But this is just one of the many things he’s proud of about the airport. As a 23-year veteran of the City of Denver, Jim was involved with DIA during the planning stages, he lived through opening day in February 1995, and he has spent the last three years working out the kinks in an 880-employee human resources system that’s responsible for 88,000 passengers and 1,100 flights a day. When I tell him I’m a frequent flyer, he thanks me for the revenue.
From his small ninth-floor office, which overlooks DIA’s white-tented terminal building, Jim tells me about the challenges of managing a new international airport. "We’ve spent the last several years working under enormous stress," he admits. "Getting the airport open and putting out fires turned us into a task- and crisis-driven organization."
But now, with the fires put out, employees are taking a collective deep breath and looking at how to become more process-driven. "We’re refocusing our energies and are starting to look at the long term," he says. "We’re working hard to become an HR function based on service, as opposed to a personnel department based on control."
On the day I spent with Jim, it was clear to me he’s smack in the middle of this transition. All day long, his work alternated between administrative tasks and strategic ones; between directing employees and supporting them. Here are some of the highlights:
Jim arrives at work.
His office is neat: file folders sit upright on the edges of his desk, photos of his family top a small bookcase, and a framed wilderness poster hints at what this tie-and-pager wearing executive likes to do on his off time. I meet Jim here and reassure him I’m not out to get dirt on DIA. Instead, I tell him I want to learn about his typical workday. "Typical?" he asks. "I don’t think there’s such a thing." Before we have more time for chitchat, in walk two of Jim’s direct reports who’ve come to ask questions about a disciplinary case. It’s unusual, I learn later, for people to drop by his office so early. Why? "Because," Jim admits, "I have a reputation for being somewhat unapproachable in the morning. I get mentally ready for work at 6 a.m. and by the time I get here, I’m flying. One staff member tried to get me to lighten up by sticking a yellow smiley face on the outside of my door. When I closed the door, he came in and put another smiley face on the inside. I finally got the message." Far from being upset about the negative feedback about his personality, Jim welcomes it. "I give feedback and routinely ask others to give it to me. I believe we’re judged as much by how we’re perceived as what we’re doing."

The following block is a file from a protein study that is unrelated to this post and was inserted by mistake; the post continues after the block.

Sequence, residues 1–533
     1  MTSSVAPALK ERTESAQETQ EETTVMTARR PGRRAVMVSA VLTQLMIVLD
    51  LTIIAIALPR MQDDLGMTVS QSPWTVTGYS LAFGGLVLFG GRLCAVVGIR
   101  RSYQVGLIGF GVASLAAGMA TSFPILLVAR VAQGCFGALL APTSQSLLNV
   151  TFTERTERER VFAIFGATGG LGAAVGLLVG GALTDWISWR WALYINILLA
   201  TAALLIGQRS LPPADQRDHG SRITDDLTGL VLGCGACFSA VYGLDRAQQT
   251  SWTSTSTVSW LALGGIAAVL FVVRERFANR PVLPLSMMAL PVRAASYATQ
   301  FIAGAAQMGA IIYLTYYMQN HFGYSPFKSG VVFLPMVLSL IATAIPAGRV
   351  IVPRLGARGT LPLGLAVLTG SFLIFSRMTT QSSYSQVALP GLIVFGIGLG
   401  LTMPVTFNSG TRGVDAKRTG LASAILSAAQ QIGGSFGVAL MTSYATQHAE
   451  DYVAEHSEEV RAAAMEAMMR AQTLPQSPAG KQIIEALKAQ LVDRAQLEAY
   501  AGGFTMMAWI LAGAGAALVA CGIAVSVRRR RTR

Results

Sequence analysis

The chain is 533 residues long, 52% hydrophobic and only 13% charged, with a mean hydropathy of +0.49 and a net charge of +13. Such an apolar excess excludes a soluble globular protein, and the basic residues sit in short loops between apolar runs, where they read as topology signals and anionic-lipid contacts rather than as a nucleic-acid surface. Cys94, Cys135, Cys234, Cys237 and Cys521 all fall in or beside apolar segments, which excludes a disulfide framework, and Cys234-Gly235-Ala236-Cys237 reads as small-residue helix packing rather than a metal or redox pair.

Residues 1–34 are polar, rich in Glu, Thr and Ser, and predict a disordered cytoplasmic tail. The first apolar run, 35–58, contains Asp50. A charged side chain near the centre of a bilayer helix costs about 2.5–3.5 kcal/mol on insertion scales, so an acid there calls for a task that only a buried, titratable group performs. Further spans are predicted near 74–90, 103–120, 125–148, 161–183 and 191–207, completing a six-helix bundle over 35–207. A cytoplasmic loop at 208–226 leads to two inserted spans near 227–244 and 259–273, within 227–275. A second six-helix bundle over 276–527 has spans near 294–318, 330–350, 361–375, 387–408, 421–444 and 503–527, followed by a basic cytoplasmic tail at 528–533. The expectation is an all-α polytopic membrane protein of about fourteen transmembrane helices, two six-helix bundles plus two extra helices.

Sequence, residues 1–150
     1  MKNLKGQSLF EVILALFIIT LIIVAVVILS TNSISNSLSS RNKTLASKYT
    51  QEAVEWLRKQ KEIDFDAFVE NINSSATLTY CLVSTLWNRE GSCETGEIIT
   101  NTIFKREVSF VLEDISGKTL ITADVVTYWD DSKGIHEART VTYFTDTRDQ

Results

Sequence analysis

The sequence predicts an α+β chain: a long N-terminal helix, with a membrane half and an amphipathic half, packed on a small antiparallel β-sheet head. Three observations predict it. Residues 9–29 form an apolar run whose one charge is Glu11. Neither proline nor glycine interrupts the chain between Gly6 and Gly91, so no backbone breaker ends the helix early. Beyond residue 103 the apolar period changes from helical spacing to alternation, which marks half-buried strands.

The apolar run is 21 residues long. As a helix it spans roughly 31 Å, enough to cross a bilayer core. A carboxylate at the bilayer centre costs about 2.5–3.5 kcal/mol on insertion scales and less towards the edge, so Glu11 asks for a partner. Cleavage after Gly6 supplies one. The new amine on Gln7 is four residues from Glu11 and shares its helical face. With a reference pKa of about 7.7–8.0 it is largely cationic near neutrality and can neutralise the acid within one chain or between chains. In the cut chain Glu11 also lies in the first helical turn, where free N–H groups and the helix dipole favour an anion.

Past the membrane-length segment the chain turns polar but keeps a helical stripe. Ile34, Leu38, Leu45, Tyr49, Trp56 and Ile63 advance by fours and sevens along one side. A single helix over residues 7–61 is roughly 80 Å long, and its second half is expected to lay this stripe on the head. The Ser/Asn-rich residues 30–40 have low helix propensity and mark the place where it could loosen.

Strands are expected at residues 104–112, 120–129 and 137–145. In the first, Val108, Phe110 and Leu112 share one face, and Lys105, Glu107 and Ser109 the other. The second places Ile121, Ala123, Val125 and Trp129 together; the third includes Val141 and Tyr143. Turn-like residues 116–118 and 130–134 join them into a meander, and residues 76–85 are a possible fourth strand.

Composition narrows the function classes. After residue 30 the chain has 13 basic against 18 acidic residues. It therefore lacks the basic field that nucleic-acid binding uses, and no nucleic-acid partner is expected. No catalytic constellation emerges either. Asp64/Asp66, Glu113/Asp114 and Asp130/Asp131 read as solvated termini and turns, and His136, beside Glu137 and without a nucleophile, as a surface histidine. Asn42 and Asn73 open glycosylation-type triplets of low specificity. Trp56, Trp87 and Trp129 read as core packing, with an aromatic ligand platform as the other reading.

This belief becomes evident as one of Jim’s peers comes in to talk about a touchy political situation. Glancing over his shoulder and lowering his voice, he asks Jim: "Was I off-base last night? I know I made a couple of people mad, but still, did I get my point across?" This launches a 25-minute conversation about personality differences, budget issues, turf battles and communication problems. Jim listens quietly, asks the occasional question and provides gentle reassurance.
In two brief meetings, it’s clear this is a man others trust.
The phone rings.
A lengthy conversation about budget and payroll analysis follows. Although it’s only April, the city has already started its 1999 budgeting process and Jim’s department is trying to pull together better information for managers. "We need to show how payroll costs have been allocated better than we have in the past," he explains.
The process isn’t easy because the city’s information systems aren’t capable of extrapolating all the HR data Jim’s staff might need. But because he now reports directly to the airport manager, Jim plays a greater role in overall resource allocation. "It’s my job to keep the manager informed about the employee population," he says, no matter how difficult that is.
Time to get busy.